Since the summer Budget on 8 July 2015 PIPs have been brought into line with the tax year (6 April to 5 April).
It is not possible to change a PIP.
For more information on the position prior to 8 July 2015 see our article Pension input periods and pension input amounts (Pre 8 July 2015 Rules).
The pension input amount for a defined contribution plan is the amount of contributions made during the pension input period.
For defined benefit schemes, the pension input amount is the value of benefits accrued over the pension input period.
Transfers from other plans don't count towards the pension input amount.
Note: Where a member takes benefits as a result of severe or serious ill-health or dies, no pension input amount will arise for pension input periods ending in the tax year in which any of these events happen.
Fred has 34 years of benefits accrued in a defined benefit scheme. The scheme provides a pension of 1/60 of pensionable salary for each year of pensionable service.
His pensionable salary is £36,000. In year 35 he gets a promotion and his new salary is £42,000. His pension input period ends on 5 April 2020.
Calculate the opening entitlement. This is 34/60 x £36,000 = £20,400. Add any tax-free cash that is not paid by commutation.
Multiply the opening entitlement by 16. £20,400 x 16 = £326,400.
Revalue this amount by the increase in the CPI (the consumer prices index to the September before the start of the tax year in which the pension input period ends). If CPI was 2.5%, the up-rated value would be £326,400 x 1.025 = £334,560.
Calculate the closing entitlement. This is 35/60 x £42,000 = £24,500.Add any tax-free cash that is not paid by commutation.
Multiply the closing entitlement by 16. £24,500 x 16 = £392,000.
Calculate the difference between the revalued opening entitlement and the closing entitlement. This is £57,440 [£392,000 - £334,560].
In this example Fred is over the annual allowance. He will need to tell HM Revenue & Customs (HMRC) that he has exceeded the annual allowance through his tax return. The excess will suffer an annual allowance charge that will effectively remove all tax relief on the excess. If he had any unused annual allowance from previous years this could be carried forward to remove or reduce the annual allowance charge.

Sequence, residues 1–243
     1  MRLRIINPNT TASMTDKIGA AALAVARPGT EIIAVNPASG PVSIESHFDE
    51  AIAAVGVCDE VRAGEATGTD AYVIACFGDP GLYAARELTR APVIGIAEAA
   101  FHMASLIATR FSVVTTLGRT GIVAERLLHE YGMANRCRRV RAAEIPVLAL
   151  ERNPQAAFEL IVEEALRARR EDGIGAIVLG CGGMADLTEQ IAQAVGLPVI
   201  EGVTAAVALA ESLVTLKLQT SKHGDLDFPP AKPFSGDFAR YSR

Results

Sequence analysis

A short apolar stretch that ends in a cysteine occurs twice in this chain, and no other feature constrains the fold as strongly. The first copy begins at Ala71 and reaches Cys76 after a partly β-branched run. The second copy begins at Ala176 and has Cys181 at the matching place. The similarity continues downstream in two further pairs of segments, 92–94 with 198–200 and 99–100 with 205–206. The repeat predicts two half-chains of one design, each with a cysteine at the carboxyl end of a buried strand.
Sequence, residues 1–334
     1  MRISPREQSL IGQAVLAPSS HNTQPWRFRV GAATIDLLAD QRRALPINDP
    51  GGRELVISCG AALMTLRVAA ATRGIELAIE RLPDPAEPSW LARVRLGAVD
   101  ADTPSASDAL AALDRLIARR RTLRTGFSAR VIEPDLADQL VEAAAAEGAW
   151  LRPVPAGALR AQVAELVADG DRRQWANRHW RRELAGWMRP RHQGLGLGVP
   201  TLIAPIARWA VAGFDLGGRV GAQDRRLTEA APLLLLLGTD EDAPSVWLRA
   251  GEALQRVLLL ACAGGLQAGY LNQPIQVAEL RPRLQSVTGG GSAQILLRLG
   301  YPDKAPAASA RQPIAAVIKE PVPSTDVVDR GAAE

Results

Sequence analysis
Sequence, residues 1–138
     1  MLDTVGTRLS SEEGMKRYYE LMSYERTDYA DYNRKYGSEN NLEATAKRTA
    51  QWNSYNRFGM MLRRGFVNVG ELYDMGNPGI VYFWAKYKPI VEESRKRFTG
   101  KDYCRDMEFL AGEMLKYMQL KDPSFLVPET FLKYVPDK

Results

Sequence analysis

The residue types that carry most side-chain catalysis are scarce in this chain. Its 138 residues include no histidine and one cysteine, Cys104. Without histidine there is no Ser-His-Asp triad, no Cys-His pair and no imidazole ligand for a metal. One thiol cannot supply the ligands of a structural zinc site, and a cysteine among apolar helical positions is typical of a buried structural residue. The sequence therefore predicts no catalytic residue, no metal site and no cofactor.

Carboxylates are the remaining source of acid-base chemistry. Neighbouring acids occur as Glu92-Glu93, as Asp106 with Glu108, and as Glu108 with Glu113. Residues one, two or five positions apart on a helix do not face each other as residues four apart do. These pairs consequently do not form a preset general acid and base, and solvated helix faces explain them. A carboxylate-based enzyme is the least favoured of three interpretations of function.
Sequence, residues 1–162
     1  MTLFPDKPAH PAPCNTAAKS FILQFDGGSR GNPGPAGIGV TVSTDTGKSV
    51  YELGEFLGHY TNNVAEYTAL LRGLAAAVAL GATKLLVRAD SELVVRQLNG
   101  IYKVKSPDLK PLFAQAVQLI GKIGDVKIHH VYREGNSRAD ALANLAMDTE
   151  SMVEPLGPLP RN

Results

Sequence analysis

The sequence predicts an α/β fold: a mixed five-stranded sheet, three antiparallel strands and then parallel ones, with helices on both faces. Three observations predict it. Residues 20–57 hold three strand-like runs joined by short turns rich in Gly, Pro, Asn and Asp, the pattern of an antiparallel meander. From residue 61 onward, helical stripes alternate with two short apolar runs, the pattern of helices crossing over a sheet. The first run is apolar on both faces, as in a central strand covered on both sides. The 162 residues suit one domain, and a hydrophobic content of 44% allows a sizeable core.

They matter because the pension input amount is measured against the annual allowance that is in force at the end of the pension input period.
In this example Fred is over the annual allowance. If the pension input amount from all of the member's plans is greater than the annual allowance available an annual allowance charge is due. The annual allowance applies to the pension input amounts for all of a member's plans with pension input periods ending in that tax year.
For example, if the end of the pension input period was 5 April 2020 it would be tested against the 2019/20 limit of £40,000. The tax charge is at the member's marginal rate of tax and will be dealt with through the member's tax return.
The steps for calculating the annual allowance charge and how to pay the annual allowance charge can be found in HMRC's pensions tax manual.
It's possible to carry forward unused annual allowance from previous pension input periods to increase the amount of annual allowance or TAA available. You cannot use carry forward if the MPAA applies.
The PIP lasts from the day the first regular or single payment is paid to the plan and runs to the following 5 April. They then run in line with the tax year.
The information provided is based on our current understanding of the relevant legislation and regulations and may be subject to alteration as a result of changes in legislation or practice. Also it may not reflect the options available under a specific product which may not be as wide as legislations and regulations allow.
All references to taxation are based on our understanding of current taxation law and practice and may be affected by future changes in legislation and the individual circumstances of the investor.